Friday, August 1, 2008

Farworld: Water Keep

Written by J. Scott Savage
Shadow Mountain Publishing
Release date: September 12
Reviewed by Melissa

I'm always tickled when I like a book more than I think I will. This was one of those cases: I was pleasantly surprised with how much I enjoyed the story and the characters. Savage has written a grand high fantasy adventure, a good set-up book for the series, and an all-round enjoyable read.

Marcus is not a normal 13-year-old boy. He's an orphan, having been bounced from foster home to foster home before being shipped off to boarding school after boarding school. He has no idea who his parents were. On top of all that, he's disabled from an accident he nearly died from when he was a baby. To escape his miserable existence he imagines a world -- Farworld. One day, however, when someone whom Marcus knows (somehow) is evil, comes to take him away, he discovers that Farworld is not imaginary. It's very real. And his destiny and the world's -- and that of a Farworld girl, Kyja -- are inseparably intertwined.

There will inevitably be comparisons to other fantasy works; I have to admit that I saw elements of Harry Potter (not only the brief reference, but in the plot as well) and Lord of the Rings, as well as other fantasy works. But, I think Savage managed to avoid falling into copy-cat traps. He kept the plot fresh and exciting -- Marcus and Kyja not only have adventures in Farworld in the course of their quest, but also spend time in this world, making for an interesting twist on the standard fantasy fare.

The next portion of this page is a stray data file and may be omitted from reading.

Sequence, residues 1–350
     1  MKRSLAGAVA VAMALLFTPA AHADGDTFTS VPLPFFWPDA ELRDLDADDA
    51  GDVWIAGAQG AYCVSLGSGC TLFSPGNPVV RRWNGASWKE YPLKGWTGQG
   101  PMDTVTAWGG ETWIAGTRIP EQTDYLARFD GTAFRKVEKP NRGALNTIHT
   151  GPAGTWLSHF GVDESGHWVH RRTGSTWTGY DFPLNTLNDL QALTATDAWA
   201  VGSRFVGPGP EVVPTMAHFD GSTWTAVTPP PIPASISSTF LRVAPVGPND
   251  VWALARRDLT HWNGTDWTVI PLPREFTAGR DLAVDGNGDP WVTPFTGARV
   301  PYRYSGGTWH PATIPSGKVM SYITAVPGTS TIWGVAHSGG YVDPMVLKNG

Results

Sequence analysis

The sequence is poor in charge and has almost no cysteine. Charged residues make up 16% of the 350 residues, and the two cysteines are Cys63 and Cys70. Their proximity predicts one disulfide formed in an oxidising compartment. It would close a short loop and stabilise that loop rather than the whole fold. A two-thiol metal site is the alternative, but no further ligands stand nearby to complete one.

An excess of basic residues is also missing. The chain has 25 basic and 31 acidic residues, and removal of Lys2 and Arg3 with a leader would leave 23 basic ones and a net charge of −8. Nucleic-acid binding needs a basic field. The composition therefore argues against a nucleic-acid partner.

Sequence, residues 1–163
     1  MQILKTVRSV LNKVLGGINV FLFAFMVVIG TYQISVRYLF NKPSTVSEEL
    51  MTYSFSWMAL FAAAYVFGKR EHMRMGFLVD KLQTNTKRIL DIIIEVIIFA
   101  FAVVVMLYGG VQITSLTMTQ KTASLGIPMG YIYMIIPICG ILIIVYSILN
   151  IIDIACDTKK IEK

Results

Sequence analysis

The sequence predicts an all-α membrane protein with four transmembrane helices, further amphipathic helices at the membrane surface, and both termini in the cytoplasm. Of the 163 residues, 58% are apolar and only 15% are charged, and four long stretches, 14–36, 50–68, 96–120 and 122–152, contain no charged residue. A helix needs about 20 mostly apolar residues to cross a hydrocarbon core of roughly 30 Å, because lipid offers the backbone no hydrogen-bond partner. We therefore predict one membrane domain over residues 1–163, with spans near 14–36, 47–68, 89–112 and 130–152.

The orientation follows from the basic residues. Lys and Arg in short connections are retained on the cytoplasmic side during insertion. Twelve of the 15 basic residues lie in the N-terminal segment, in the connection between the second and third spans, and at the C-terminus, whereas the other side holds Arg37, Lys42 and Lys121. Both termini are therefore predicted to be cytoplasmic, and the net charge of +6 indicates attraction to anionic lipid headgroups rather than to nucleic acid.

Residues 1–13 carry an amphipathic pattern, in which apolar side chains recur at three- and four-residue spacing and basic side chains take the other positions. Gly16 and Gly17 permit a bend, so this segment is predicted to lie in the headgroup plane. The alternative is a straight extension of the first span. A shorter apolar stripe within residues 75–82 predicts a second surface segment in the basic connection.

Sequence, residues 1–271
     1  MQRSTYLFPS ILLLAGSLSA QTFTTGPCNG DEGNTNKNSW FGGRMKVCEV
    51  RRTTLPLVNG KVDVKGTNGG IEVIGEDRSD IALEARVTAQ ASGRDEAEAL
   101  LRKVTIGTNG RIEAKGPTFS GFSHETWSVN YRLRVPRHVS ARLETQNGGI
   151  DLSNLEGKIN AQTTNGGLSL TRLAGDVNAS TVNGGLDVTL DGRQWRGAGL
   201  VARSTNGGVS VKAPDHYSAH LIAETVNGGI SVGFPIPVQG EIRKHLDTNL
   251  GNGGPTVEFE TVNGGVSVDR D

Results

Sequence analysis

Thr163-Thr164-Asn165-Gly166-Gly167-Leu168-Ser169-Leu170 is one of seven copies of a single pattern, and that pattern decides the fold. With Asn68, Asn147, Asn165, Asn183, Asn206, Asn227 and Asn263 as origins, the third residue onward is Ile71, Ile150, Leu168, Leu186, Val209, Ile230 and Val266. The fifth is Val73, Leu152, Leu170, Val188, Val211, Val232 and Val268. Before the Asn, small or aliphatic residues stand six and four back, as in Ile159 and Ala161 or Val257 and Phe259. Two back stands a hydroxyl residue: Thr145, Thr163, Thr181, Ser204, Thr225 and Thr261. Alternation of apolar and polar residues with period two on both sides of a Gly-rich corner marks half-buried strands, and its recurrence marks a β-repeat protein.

I thought the action sequences, while not as intense as they could have been (for older readers anyway, this book really is aimed at the 11-14 crowd), they were still well written. Savage has created a compelling world, with many fascinating characters. If I had a complaint, it would be that Savage probably tried to crowd too much into his book. Every chapter, it seemed, there was a new character to meet and keep track of. While I don't think it hindered the plot overall, there were times that I felt like he was throwing in someone new just so we could meet another cool character he'd created. The other complaint was that Kyja is a little heavy-handed with her moralizing; it fit with the character, but it was a bit blatant for my tastes.

Even so, it was a strong novel to begin a series with, compelling through to the end. The ending even had good closure to it, while leaving the adventure open to continuing, rather than a cliff-hanger, which always irritates me as a reader. I'm curious to see what Marcus and Kyja experience next, what new adventure in Farworld they can have, and how they can accomplish their ultimate task of saving Farworld. It promises to be an exciting journey.

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